Or at least hands to the sanding block, I’m unexpectedly home so have a chance to get some work done on SEI. Its cold here, but the daytime temps are ok for WEST epoxy with fast hardener, and the sun comes in through the big windows keeping the shop warm enough for me to work in without heavy clothing.
So I’m sanding off the plank landings, the fillet between the skeg and the bottom and will be running a coat of ‘poxy with microballoons over the ‘glass to fill the weave before a final sand and then primer paint.
Sandpaper time. Again. Powered by elbow grease, It always seems to come to this.
I’ve several part pots of Toplac white oil based marine enamel, they came with my ship and that’s what I plan to use when I repaint her in our spring, and am very tempted to use that so I can get accustomed to its peculiarities before getting into the really big job of repainting the 40 ft motor boat.
So SEI will be white, boring but practical, pale green inside to reduce the glare, maybe some darker green highlights and possibly varnish on the seat tops just to tell people that she is a wooden boat.
Its nice to be at a stage where I can see the launching day off in the distance, we’re in the depths of winter here now, traditionally the worst is still to come but the daffodil plants are poking their heads up, I saw the first lamb of this season the other day and we’ve gained over an hour of daylight since the shortest day so there is, just occasionally, a hint that there might be spring sometime .
I’d like to be sailing SEI when the good weather comes.
On the techo side of things, Howard Rice and I are both of us fans of anything that saves time when building boats. Our time on earth is limited so anything that speeds the building up means that we can build more of them, plus SCAMP Camp is a real teacher in that respect.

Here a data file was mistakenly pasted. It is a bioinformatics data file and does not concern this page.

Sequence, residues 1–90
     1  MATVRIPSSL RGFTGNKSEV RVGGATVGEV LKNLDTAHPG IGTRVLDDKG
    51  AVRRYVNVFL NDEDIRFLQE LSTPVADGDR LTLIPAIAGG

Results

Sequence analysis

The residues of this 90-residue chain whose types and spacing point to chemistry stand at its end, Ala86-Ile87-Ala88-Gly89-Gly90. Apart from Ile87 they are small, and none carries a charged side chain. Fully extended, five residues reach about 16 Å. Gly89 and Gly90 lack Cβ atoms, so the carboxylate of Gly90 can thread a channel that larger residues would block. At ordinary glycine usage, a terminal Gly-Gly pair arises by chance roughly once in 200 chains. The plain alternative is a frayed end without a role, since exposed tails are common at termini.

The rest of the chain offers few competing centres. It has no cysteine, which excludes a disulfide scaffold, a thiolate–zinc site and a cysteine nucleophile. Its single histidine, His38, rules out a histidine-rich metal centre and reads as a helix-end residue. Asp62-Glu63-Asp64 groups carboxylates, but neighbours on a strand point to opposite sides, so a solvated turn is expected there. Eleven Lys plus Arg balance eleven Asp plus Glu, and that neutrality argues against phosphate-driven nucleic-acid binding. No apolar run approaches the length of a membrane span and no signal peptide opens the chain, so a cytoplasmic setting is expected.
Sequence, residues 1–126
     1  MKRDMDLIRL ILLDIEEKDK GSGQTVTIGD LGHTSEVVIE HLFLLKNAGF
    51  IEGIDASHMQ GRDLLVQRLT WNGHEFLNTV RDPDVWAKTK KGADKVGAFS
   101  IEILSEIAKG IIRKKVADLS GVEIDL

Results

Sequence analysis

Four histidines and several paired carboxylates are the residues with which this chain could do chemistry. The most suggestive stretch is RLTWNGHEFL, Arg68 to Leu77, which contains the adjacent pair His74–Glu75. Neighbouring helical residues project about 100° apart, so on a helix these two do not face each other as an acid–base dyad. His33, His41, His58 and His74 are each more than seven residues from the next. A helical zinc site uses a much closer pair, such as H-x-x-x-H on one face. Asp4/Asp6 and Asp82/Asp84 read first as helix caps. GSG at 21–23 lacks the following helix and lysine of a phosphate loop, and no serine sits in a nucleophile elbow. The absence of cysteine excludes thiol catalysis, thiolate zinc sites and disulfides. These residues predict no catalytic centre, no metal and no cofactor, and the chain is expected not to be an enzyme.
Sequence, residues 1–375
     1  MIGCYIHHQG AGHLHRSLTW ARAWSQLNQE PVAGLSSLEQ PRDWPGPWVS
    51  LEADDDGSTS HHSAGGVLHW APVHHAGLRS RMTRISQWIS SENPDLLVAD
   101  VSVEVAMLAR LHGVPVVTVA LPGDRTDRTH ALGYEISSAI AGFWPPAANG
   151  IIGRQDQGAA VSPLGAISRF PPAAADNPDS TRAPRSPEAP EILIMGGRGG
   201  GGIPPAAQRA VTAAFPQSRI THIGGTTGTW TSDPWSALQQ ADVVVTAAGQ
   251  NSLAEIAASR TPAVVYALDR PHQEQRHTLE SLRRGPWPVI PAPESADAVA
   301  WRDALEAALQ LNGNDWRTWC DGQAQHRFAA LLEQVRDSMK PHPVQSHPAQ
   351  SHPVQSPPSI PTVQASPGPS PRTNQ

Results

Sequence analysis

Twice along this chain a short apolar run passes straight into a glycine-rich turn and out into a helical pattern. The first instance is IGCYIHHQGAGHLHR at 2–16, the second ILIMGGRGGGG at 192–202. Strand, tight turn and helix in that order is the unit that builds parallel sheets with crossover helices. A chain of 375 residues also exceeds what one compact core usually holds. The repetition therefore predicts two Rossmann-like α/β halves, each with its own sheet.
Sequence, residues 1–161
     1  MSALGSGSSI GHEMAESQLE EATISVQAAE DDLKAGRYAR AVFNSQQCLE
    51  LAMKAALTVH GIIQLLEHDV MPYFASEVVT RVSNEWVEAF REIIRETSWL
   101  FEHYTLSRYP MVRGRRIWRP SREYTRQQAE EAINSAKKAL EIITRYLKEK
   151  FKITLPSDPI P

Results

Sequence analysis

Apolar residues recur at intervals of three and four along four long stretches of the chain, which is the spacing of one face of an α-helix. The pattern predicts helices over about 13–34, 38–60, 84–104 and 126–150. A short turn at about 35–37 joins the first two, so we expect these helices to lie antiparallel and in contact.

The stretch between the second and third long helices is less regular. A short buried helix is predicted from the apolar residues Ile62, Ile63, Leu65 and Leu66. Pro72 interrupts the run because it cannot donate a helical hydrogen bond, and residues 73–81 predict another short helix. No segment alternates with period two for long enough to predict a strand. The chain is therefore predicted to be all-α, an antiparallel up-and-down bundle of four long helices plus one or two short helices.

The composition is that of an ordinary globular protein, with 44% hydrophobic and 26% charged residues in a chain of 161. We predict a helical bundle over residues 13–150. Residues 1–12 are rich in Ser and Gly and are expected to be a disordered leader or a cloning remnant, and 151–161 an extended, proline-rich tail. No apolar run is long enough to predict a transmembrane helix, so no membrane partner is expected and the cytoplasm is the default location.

To explain, SCAMP Camp is 10 days, plus a little work over the in between weekend if the students want. It’s a challenge to bring beginnner students along faste enough to get those boats ready to ship out on day ten, and anything that saves time is welcome.
We’ve been using the Ryobi cordless brad nailer for a while now, and it’s a real asset, saves about the equivalent of a day on each boat which is major.
We use the Makita builders laser cross level which not only makes it much easier to get the boats straight and true, but it takes a lot less time to do it.
The latest addition to our bag of tricks is the WEST System six10 cartridge epoxy glue system.
The two parts of the glue are housed in separate chambers within the cartridge, and extruded through the blue mixing tube on the left of the "gun". There are spares of those available as they are not cleanable but there does not seem to be a problem keeping a part used cartridge.
We don’t use it everywhere on the boats, just for the planking where the ability to run a controlled bead along an edge is very useful, and much faster than mixing by hand, pushing that into a ziploc bag and doing the cake decorating thing. Sure its more expensive by volume, but there is very little waste and to give you an idea, at SCAMP Camp this year we were hanging a plank every 10 minutes, just about an hour and a half to do a pair of planks on each of the four boats we were building. I remember that at the first SCAMP Camp we took more than double that, that’s a saving of about half a day per boat.
Howard Rice running a bead of epoxy along the edge of a SCAMP plank. The striped shirt is not compulsory equipment for this sort of job but it sure helps ( create laughter at least).
Well worth the little extra cost!